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Temperature-sensitive mutants of influenza virus XVI. Transfer of the twotslesions present in the Udorn/72-ts- 1 A2 donor virus to the Victoria/3/75 wild-type virus

Authors
Journal
Virology
0042-6822
Publisher
Elsevier
Publication Date
Volume
88
Issue
2
Identifiers
DOI: 10.1016/0042-6822(78)90281-7
Disciplines
  • Biology
  • Design

Abstract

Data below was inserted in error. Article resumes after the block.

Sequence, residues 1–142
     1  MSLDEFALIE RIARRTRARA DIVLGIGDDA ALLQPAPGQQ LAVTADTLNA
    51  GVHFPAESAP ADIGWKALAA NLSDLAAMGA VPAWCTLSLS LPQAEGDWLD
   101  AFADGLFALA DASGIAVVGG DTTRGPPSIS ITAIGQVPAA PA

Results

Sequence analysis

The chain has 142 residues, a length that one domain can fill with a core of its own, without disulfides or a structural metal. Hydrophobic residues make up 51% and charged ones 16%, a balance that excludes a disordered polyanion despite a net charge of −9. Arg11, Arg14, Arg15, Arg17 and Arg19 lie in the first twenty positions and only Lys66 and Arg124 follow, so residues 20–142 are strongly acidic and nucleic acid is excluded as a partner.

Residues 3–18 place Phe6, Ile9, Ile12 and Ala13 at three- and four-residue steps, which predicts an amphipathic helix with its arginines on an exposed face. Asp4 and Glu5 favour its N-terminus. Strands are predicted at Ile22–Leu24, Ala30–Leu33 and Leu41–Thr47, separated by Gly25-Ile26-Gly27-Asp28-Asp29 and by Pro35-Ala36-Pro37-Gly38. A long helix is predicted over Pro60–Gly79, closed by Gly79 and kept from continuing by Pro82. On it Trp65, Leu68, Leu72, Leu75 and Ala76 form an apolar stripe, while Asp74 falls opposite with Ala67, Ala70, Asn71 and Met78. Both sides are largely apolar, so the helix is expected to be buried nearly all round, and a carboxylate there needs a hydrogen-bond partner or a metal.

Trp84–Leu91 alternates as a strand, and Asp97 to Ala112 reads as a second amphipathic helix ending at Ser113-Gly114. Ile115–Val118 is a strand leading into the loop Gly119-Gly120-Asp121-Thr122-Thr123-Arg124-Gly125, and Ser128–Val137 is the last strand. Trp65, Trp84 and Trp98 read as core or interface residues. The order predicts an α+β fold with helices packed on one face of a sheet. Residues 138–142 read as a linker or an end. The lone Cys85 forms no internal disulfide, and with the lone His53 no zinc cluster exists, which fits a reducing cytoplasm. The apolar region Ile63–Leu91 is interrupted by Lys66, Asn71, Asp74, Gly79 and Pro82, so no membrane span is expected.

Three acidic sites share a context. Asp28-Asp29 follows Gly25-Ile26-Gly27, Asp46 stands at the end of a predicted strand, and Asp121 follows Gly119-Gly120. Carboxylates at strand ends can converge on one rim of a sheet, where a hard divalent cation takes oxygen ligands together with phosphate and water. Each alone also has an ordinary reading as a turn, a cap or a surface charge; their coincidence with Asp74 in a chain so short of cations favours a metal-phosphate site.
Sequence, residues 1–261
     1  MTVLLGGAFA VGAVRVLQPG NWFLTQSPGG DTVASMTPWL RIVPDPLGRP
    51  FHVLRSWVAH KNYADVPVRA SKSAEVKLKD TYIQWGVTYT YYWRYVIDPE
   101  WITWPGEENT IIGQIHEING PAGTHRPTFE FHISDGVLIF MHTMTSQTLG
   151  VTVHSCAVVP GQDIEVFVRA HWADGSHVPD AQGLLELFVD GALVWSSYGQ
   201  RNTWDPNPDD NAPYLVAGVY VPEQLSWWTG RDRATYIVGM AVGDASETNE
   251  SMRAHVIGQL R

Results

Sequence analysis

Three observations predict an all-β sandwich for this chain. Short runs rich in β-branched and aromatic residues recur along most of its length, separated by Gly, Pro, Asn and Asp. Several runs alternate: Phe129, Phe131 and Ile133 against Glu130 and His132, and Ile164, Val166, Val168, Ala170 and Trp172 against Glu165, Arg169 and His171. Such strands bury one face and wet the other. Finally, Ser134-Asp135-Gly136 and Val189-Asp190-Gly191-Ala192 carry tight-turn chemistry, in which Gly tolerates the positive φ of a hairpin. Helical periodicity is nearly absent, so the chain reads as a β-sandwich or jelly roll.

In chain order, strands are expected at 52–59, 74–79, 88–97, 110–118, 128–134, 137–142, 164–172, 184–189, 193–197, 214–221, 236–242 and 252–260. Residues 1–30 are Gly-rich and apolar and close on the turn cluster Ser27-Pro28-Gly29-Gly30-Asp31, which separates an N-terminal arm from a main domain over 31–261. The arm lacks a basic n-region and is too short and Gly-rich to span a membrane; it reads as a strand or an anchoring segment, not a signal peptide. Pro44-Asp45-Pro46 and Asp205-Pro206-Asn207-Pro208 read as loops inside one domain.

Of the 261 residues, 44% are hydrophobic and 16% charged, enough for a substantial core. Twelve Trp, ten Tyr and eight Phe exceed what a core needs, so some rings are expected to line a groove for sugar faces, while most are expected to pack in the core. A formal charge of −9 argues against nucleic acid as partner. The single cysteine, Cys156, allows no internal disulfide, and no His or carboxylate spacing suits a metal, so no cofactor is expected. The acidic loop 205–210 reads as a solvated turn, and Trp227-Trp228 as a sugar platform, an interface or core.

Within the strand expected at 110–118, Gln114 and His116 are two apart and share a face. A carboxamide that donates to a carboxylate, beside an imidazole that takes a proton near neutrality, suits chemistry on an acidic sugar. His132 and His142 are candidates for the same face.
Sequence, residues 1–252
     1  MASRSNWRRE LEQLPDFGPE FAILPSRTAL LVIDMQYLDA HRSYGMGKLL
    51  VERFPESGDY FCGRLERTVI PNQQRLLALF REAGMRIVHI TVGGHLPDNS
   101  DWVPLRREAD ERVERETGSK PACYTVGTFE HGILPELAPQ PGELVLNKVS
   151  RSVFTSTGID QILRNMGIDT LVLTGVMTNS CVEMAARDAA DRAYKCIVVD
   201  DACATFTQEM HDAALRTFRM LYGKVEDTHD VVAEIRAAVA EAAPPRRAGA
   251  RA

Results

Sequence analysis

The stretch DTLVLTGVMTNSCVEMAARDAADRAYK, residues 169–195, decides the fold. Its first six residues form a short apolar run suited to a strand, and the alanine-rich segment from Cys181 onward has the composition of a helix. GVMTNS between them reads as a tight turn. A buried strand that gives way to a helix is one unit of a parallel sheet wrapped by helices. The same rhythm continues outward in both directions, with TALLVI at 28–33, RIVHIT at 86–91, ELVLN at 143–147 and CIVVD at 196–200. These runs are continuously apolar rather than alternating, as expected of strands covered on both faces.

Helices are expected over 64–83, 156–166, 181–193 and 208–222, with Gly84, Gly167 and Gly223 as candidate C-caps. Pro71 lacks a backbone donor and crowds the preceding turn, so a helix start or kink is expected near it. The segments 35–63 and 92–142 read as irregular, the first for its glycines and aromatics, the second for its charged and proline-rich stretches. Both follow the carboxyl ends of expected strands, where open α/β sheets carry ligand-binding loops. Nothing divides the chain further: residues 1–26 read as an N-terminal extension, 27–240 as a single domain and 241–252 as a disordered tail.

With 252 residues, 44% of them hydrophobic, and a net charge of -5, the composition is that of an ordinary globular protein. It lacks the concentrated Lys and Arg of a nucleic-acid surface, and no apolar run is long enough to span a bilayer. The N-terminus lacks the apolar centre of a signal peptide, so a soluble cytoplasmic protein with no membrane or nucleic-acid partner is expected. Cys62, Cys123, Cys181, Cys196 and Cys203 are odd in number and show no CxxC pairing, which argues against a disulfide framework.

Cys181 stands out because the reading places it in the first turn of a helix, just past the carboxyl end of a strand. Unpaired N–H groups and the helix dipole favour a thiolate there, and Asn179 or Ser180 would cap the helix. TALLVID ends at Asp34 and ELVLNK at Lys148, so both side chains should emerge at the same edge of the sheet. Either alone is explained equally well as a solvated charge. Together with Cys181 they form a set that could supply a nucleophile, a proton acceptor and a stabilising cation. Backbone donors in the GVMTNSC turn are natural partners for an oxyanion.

Abstract Previously, the influenza A/Hong Kong/68- ts-1[E] virus and its recombinants (38° shutoff temperature of plaque formation) were shown to be insufficiently attenuated for persons who lacked immunity to both the hemagglutinin and neuraminidase surface glycoproteins, i.e., doubly seronegative individuals. To meet the need for immunization of such individuals, a virus more defective than the ts-1[E] recombinants was produced. The resulting virus, designated Udorn/72- ts-1A2, possessed is mutations in genes represented by complementation-recombination groups 1 and 5 and was more restricted in replication in vitro at 37° and in vivo in the hamster's lungs and nasal turbinates than the Udorn/72 ts-1[E] virus. These properties suggested that the Udorn/72 ts-1A2 virus might serve as a donor of its two ts lesions to new variants of influenza A virus to produce attenuated strains for use in doubly seronegative individuals. The Udorn/72- ts-1A2 virus was mated with the influenza A/Victoria/3/75 wild-type virus, and six is recombinant viruses bearing the Vic/75 hemagglutinin were isolated. Five of these Vic/75- ts-1A2 recombinants had a 37° shutoff temperature and two ts lesions like their Udorn/72- s-1A2 parent. Each of these clones replicated to low titer or not at all in the hamster's lungs and were 100-fold restricted in the nasal turbinates like their ts parental virus. Each of 158 isolates recovered from hamsters infected with the parental Udorn/72- ts-1A2 virus or one of its Vic/75 ts double lesion recombinants retained the ts phenotype. One Vic/75- ts-1A2 recombinant clone that had a 38°hutoff temperature, and only the group 1 ts lesion replicated in the hamster's lungs to a level intermediate between that of the parental ts-1A2 and wild-type virus. All isolates recovered from hamsters infected with this recombinant were also ts. Infection of hamsters with a Vic/75- ts-1A2 recombinant, bearing the group 1 and group 5 ts mutations, induced resistance to homologous wild-type virus challenge. Since the parental and double lesion recombinant ts-1A2 viruses had similar restriction of replication in vitro at 37° and in vivo, it is likely that the two ts-1A2 is lesions will effect a similar level of attenuation following transfer into other antigenic variants of influenza A virus.

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